Advocate Thabani Mpofu Demands Retraction From Army Commander Over Partisan Statements

By Judith Matanire

Advocate Thabani Mpofu, known for his legal representation of Nelson Chamisa during the 2018 election dispute, has penned a stern letter to Zimbabwe National Army (ZNA) commander Lieutenant General Anselem Nhamo Sanyatwe, condemning recent partisan remarks made at a ZANU PF rally in Nyanga.

In the letter dated July 3, 2024, Mpofu demanded an immediate withdrawal of what he deemed politically charged statements.

The letter, titled “RE: Your Partisan and Politically Charged Utterances,” highlighted excerpts from Sanyatwe’s address at the rally, where he allegedly stated, “ZANU (PF) shall rule until donkeys grow horns… We shall use what is called Command Voting.”

Mpofu contended that such declarations violated constitutional provisions, including Section 208(2) which prohibits members of security services from partisan involvement and furthering political party interests.

Citing constitutional breaches, Mpofu emphasized that Sanyatwe’s remarks not only demonstrated partisan bias but also threatened electoral integrity, potentially influencing voting outcomes unfairly. He invoked Section 155 of the Constitution and the Electoral Act, arguing that Sanyatwe’s comments hinted at election manipulation in favor of ZANU (PF), undermining democratic principles.

The advocate’s letter warned of legal action should Sanyatwe fail to retract his statements within seven days. Mpofu asserted, “I shall take steps to ensure that appropriate remedies under law are put in motion,” underscoring the seriousness with which the issue is regarded in legal and constitutional terms.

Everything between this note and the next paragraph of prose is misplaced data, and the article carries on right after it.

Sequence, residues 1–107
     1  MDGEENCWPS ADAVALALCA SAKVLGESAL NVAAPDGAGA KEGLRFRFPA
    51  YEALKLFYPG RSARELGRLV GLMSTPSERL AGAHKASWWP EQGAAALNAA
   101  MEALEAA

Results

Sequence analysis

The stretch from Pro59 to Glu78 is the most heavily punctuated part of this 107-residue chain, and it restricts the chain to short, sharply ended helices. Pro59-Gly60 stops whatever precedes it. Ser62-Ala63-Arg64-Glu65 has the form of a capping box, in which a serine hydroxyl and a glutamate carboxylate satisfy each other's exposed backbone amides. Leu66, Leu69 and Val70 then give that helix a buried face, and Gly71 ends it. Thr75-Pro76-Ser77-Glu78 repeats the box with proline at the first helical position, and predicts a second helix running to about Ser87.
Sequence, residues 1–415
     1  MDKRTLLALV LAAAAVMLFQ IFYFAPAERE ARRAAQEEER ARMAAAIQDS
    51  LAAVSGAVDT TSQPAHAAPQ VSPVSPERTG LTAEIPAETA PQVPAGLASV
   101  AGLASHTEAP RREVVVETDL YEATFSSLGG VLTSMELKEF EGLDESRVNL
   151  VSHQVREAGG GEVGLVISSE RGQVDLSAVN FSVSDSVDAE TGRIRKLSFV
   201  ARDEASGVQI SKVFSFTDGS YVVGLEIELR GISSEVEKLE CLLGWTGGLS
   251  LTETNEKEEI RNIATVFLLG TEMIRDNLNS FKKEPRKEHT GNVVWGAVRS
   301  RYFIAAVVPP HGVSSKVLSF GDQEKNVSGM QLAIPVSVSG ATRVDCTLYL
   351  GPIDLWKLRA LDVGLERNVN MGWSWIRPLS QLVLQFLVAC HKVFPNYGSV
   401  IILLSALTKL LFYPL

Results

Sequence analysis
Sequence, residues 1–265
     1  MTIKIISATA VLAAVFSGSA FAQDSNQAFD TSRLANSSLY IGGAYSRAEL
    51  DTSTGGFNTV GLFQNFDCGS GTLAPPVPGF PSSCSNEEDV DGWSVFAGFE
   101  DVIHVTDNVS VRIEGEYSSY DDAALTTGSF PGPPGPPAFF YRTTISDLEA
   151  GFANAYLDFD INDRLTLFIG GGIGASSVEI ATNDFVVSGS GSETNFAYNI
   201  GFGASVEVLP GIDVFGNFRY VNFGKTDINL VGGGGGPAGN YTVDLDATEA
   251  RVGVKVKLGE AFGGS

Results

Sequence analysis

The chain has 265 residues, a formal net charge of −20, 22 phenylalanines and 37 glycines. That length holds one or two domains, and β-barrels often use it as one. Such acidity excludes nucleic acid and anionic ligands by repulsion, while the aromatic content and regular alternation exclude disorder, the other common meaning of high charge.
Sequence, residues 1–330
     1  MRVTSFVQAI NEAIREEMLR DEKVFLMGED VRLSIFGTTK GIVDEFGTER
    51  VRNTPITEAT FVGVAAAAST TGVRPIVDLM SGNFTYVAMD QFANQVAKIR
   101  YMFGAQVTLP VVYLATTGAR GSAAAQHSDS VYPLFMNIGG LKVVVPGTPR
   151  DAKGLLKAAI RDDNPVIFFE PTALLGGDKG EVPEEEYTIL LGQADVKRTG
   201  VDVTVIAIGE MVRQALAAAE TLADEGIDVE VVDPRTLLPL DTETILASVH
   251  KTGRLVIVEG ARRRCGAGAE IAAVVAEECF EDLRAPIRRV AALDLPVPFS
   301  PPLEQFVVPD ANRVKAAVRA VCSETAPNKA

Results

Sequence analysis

Sanyatwe, a controversial figure implicated in the 2018 post-election violence, where soldiers allegedly shot and killed six civilians during protests, has previously faced scrutiny for his involvement in political matters. Despite being promoted under President Emmerson Mnangagwa’s administration, his return to a prominent military role has reignited concerns over the military’s impartiality in Zimbabwean politics.

Observers view Mpofu’s intervention as part of broader efforts to uphold constitutional order and safeguard electoral processes from undue military influence. The demand for withdrawal comes amidst heightened political tensions in Zimbabwe, where opposition parties and civil society groups continue to advocate for fair and transparent elections.

As the deadline for Sanyatwe’s response approaches, stakeholders await developments, with Mpofu’s letter serving as a catalyst for public debate on the role of the military in Zimbabwean politics and the enforcement of constitutional norms. Nhau/Indaba

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